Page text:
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$VIX says August–October is often rough for stocks

by Oct 4, 2023Market commentary

$VIX says August–October is often rough for stocks

by Oct 4, 2023Market commentary

Figure 1 is a chart that we haven’t revisited in a while. It shows the composite value of $VIX (actually, $VXO in the early years) from 1989 through 2022. In reality, the Cboe backdated the original $VIX data to 1986, but including 1987 in the chart just distorts things too much. As it is, the inclusion of the March 2020 $VIX explosion has changed the chart a little.


34-year composite: 1989–2022

Source: McMillan Analysis Corporation

$VIX typically starts the year at a low point and rises through most of January, to point “A” in Figure 1. Then there is a lull until another $VIX rally in March (point “B”). Before 2022, that March rally was subdued. But it was monstrous in 2020, so point “B” is higher than it used to be.

From there, $VIX declines into its summer lows. For years, the composite low of $VIX was right on the Fourth of July holiday. Now, it’s spread throughout July. So, point “C” is really that entire circle surrounding the low area of the annual chart.

Then, contrary to what most people think, August is a volatile month. That August volatility intercedes, causing $VIX to rise sharply to point “D,” which is really just a warning shot across the bow that volatility is going to increase sharply during September and into October. The annual $VIX chart peaks at points “E” and “F” in October. This part of the pattern was strongly evident in 2022, but only modestly so in 2021.

Typically, at that point, traders are geared up for more volatility, but it doesn’t happen. Instead, $VIX declines sharply during the last quarter of the year, ending the year at point “G,” which is almost equal to the annual lows.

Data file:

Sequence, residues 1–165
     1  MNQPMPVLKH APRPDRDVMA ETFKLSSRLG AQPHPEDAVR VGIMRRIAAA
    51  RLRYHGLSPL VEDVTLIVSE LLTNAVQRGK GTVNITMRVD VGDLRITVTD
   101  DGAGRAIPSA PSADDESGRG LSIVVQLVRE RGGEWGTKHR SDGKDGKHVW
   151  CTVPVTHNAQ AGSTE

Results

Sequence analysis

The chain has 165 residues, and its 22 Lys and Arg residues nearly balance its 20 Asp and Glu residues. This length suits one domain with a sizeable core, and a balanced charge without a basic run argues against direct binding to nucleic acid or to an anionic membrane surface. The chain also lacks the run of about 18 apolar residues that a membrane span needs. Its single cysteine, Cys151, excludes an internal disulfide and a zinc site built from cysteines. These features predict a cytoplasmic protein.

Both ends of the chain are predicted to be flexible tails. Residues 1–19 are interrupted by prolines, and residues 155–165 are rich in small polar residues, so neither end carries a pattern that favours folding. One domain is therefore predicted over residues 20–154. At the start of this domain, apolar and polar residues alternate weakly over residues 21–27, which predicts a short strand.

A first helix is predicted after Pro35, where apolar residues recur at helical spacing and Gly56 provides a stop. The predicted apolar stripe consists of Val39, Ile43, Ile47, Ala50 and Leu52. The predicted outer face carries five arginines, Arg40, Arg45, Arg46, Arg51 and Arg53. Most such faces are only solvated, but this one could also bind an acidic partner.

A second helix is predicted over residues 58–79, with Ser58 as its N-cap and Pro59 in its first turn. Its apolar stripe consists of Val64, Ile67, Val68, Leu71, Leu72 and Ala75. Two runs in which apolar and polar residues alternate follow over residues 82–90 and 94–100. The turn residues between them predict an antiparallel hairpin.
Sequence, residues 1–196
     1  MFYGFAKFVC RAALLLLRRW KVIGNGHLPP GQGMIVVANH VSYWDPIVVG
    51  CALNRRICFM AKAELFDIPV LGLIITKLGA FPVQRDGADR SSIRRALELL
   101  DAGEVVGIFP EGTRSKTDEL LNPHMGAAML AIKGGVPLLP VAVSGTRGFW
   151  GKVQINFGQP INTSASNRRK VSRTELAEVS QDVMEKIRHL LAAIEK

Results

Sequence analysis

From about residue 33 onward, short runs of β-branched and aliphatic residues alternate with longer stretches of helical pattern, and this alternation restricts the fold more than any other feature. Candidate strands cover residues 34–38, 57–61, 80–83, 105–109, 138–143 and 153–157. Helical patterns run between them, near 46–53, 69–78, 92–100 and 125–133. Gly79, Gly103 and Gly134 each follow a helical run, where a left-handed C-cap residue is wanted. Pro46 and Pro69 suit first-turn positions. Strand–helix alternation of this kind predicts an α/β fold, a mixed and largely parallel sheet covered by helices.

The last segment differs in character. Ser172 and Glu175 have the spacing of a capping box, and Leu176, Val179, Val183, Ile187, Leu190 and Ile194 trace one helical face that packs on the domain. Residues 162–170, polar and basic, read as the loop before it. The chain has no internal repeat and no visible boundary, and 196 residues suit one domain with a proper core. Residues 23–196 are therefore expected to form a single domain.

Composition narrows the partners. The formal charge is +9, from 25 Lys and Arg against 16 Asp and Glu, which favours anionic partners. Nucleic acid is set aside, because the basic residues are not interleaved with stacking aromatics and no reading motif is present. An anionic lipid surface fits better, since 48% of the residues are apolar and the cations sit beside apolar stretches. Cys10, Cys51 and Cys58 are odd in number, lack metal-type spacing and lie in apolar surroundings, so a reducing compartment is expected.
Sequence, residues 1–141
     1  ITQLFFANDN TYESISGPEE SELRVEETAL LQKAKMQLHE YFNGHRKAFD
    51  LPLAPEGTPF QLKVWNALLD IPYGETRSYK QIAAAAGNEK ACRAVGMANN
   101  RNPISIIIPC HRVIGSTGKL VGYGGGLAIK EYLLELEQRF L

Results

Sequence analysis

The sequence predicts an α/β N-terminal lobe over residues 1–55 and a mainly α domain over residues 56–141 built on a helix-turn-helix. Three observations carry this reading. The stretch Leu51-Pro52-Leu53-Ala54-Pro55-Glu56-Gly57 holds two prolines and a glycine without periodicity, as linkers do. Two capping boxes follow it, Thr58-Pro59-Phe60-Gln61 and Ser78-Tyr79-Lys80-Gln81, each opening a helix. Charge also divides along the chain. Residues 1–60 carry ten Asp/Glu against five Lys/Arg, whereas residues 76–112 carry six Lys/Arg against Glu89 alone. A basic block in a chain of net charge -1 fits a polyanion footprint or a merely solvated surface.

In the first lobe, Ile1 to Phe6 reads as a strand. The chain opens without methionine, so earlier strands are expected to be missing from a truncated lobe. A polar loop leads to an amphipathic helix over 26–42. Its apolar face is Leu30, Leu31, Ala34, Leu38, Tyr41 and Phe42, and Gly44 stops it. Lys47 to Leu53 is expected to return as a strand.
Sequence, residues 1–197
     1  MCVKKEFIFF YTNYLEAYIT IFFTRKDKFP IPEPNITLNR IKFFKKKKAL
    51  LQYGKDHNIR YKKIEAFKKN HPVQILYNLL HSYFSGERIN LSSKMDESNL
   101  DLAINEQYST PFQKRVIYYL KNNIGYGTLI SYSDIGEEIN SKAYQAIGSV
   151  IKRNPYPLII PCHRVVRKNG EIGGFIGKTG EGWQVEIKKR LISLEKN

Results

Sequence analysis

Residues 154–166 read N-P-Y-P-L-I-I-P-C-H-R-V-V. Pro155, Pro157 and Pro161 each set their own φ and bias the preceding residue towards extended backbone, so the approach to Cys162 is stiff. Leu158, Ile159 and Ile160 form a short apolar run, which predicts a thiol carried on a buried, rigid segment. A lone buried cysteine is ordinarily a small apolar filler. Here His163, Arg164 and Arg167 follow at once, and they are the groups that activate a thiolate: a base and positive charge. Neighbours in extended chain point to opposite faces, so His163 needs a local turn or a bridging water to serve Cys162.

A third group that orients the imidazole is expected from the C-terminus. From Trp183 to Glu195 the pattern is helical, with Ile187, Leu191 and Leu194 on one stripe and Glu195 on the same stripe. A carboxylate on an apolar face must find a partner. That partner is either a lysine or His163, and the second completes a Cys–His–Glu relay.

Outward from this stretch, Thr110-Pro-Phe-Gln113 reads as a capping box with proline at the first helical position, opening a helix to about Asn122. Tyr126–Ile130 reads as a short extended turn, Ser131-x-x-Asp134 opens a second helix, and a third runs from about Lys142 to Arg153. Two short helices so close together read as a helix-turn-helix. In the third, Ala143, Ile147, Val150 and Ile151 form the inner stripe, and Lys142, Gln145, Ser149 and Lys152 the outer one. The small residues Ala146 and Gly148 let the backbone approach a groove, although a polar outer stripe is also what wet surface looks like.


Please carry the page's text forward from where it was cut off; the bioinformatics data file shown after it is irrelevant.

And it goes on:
Related Article: Extreme market shocks in a low-volatility environment

Of course, not every year complies with this chart exactly, but many have this general shape. That is why we occasionally return to this chart—to remind ourselves, and you, of what to expect from $VIX.

Correspondingly, $SPX moves in the opposite direction from $VIX, so August–October is often rough for stocks.

Interestingly, the week after September options expiration (i.e., the week after the third Friday of September) is historically a very negative week for the market. In fact, last year, that week saw a 180-point decline in $SPX, the largest point decline that we have seen in the 33 years that we have been using this indicator. It was not the largest percentage drop in a week for this system (that occurred in 2011).

On average over those 33 years, $SPX has dropped by 1% over the week in question. For most of the past three years, a 1% move in a week has not been unusual, although it was before that. In any case, in those 33 years, $SPX has dropped 26 times and risen seven times in the week. Other studies show that this seasonally negative pattern often extends into October. 

The opinions expressed in this article are those of the author and the sources cited and do not necessarily represent the views of Proactive Advisor Magazine. This material is presented for educational purposes only.

This is an edited version of commentary that was first published at on Sept. 15, 2023, and May 12, 2023.


Professional trader Lawrence G. McMillan is perhaps best known as the author of “Options as a Strategic Investment,” the best-selling work on stock and index options strategies, which has sold over 350,000 copies. An active trader of his own account, he also manages option-oriented accounts for clients. As president of McMillan Analysis Corporation, he edits and does research for the firm’s newsletter publications.